With GST supporting legislations getting Parliament nod, companies will have to rework their sale strategies and also work overtime to put technology backbone in place by July 1, experts said today.
GST, which will subsume central excise, service tax, VAT and other local levies, will ensure better indirect tax compliance and is expected to boost GDP growth by up to 2 per cent. (PTI)With GST supporting legislations getting Parliament nod, companies will have to rework their sale strategies and also work overtime to put technology backbone in place by July 1, experts said today. The revenue department has already made public the set of rules required to be followed by the industry in the Goods and Services Tax (GST) regime and companies will have to ensure that the supply chain ecosystem is in place to avail input tax credit, they said. “BMR & Associates Partner Mahesh Jaisingh said: “In addition to IT system, the companies need to be cognizant about their September quarter sales and strategise it accordingly”.
Jaisingh further said the companies will now have to undertake near-term strategy and planning keeping the rollout date in mind and larger tax planning can take a backseat for the moment.
Experts said services sector companies will find it more difficult to meet the July 1 deadline if they have not started preparations early.
Nangia & Co Director (Indirect Taxation) Rajat Mohan said the companies will now have to move fast and focus on business process changes and developing the information technology backbone by either hiring consultants or on their own.
According to Manufacturers Association For Information Technology (MAIT), the two critical issues that the industry foresee right now relate to tax applicability on the existing stocks on the day of migration as they would be VAT paid already and treatment of tax and refund on services provided under contracts.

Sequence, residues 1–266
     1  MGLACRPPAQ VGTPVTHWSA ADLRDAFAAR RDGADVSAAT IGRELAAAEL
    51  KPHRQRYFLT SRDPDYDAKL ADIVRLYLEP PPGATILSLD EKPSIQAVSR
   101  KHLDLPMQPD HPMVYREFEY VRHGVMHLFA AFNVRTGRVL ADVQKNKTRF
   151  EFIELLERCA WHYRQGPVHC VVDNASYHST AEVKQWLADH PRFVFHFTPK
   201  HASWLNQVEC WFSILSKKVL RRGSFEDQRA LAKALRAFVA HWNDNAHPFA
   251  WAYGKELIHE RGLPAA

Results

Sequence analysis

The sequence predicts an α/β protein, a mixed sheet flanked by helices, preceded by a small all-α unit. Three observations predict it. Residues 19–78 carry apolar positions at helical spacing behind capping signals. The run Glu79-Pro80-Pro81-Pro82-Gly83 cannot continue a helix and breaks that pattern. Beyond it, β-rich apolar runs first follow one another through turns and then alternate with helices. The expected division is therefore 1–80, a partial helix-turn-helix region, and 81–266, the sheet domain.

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“We hope that the government will address the issue so that they do not create hurdles to the smooth rollout of GST,” MAIT said.
GST, which will subsume central excise, service tax, VAT and other local levies, will ensure better indirect tax compliance and is expected to boost GDP growth by up to 2 per cent.
Nitya TaxAssociates Managing Partner Puneet Bansal said the passage of the GST bills provides certainty to industry to undertake GST migration.
“The only missing link for India Inc is ability to assess the financial impact of GST on their business and pricing of goods and services due to lack of clarity on GST rates,” Bansal said.
Parliament today passed Central GST (CGST), Integrated GST (IGST), Union Territory GST (UTGST) and the Compensation to states laws. Now all the states will have to pass the State GST (SGST) bill in their respective state assemblies.
PwC Partner and Leader (Indirect Tax) Pratik Jain said: “Focus now shifts to finalisation of Rules and rates. Lot of things to do and very little time left for the industry”.
The GST Council, headed by Union Finance Minister Arun Jaitley and comprising representatives from the states, has already decided on a 4-tier rate structure — 5, 12, 18 and 28 per cent. On top of the peak rate of 28 per cent will be a cess that would be levied on demerit and sin goods.
The GST bill has, however, capped the highest tax rate at 40 per cent to obviate the need to approach Parliament for any tax rate change in future.